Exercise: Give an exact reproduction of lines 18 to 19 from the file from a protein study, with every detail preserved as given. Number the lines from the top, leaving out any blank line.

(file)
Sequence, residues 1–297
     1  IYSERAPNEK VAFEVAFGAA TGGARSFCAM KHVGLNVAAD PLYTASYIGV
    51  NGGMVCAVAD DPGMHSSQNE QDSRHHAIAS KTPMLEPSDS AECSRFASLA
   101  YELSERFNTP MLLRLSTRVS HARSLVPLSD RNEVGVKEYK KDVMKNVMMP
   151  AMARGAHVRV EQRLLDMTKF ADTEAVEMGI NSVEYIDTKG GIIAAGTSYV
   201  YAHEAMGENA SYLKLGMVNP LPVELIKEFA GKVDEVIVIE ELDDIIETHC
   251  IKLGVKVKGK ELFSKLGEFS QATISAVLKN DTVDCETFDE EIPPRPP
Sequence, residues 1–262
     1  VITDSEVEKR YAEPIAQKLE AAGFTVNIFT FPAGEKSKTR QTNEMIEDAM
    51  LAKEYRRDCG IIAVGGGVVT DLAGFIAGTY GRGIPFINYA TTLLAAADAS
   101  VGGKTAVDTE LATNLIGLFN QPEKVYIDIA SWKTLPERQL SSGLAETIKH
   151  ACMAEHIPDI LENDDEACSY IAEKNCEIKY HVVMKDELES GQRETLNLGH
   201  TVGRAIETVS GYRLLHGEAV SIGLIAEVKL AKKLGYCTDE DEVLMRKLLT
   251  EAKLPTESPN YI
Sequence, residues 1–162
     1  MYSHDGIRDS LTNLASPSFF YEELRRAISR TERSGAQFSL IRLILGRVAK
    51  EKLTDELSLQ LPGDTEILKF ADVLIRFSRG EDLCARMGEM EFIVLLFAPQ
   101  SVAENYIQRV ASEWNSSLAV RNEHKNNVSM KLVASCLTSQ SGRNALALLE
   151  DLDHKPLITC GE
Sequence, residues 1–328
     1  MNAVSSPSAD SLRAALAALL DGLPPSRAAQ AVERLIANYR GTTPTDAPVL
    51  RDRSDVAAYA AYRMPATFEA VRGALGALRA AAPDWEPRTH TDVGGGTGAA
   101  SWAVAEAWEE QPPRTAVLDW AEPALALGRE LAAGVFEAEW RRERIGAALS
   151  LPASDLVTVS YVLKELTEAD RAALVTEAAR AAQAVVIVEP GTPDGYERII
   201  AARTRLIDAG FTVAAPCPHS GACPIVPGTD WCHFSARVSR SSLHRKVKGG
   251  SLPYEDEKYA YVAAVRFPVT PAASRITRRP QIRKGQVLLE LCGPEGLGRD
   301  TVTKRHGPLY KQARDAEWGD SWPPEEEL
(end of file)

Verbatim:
   101  SVAENYIQRV ASEWNSSLAV RNEHKNNVSM KLVASCLTSQ SGRNALALLE
   151  DLDHKPLITC GE